DISSEMINATION OF GRADES: I will retain all exam papers and answer sheets. As soon as the exams are graded, they will be posted at facpub.stjohns.edu/~roigm/psy1000Cgrades.htm. Your grade will be listed according to your student ID number. Please keep in mind that I do NOT give individual grades over the phone or via e-mail. The URL will be updated the day after each examination.
EXAM REVIEW PROCEDURE: If you wish to review the exam you are to make an appointment with me and I will give you access to the exam for as long as it is necessary. I encourage all of you to come to the office at some point and review your exams. If you want to double check an answer, or find the correct answer to a question that was marked wrong, bring your textbook to the office and look up the answer there. I will be happy to explain a particular answer if you are not clear about it, but only after you have searched for the answer in the textbook.
ATTENDANCE: While class attendance and punctuality are expected, you are free to decide whether to come to class or not. With that freedom, however, comes responsibility. You are responsible for controlling your own behavior and with managing its consequences. I will hold you accountable for all material covered in class as sometimes we will cover material that is not emphasized in the textbook or that needs elaboration. I do not repeat lectures and I do not answer questions like “Did we cover anything important?”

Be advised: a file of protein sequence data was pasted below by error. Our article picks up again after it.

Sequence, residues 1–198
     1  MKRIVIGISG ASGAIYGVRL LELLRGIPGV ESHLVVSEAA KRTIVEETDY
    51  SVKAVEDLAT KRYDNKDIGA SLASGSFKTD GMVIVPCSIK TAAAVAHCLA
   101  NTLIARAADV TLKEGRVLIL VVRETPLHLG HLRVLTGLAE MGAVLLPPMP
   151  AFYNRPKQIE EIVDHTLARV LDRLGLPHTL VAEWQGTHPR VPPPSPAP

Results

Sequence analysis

LATE OR MISSED ASSIGN
CLASS PARTICIPATION: Although class participation is not going to be formally graded, it is strongly encouraged. Please note, however, that class participation constitutes asking a relevant question or making a pertinent comment when the student raises his or her hand and the instructor calls on the student. Also, keep in mind that during class participation, the words "prove", "proven", "sort of", "like a" and "society" (the latter should not be used as an explanatory psychological construct) should be avoided.
POWERPOINT PRESENTATIONS – All of my PowerPoint lectures, except for the graphics used, which are all copyrighted, are available on-line as follows: Chapter 1 Chapter 2 Chapter 3 Chapter 4 Chapter 5 Chapter 6 Chapter 7 Chapter 8 Chapter 9 Chapter 12 Chapter 13 Chapter 14 Chapter 15 Chapter 16
The purpose of making these slides available is so that you can devote your full attention to the lecture and not waste time copying material from the slides as I present them. On the other hand, please note that this material should in no way be seen as a substitute for the textbook. To properly learn the material covered and to do well on the exam, you will need to read and study the textbook and take notes from your readings.
00.00 - 56.99 ----- F 57.00 - 65.99 ------ D 66.00
- 69.99 ------ D+ 70.00 - 72.99 ----- C-
73.00 - 76.99 ----- C 77.00 - 79.99 ------ C+ 80.00 - 82.99 ------ B- 83.00 - 86.99 ----- B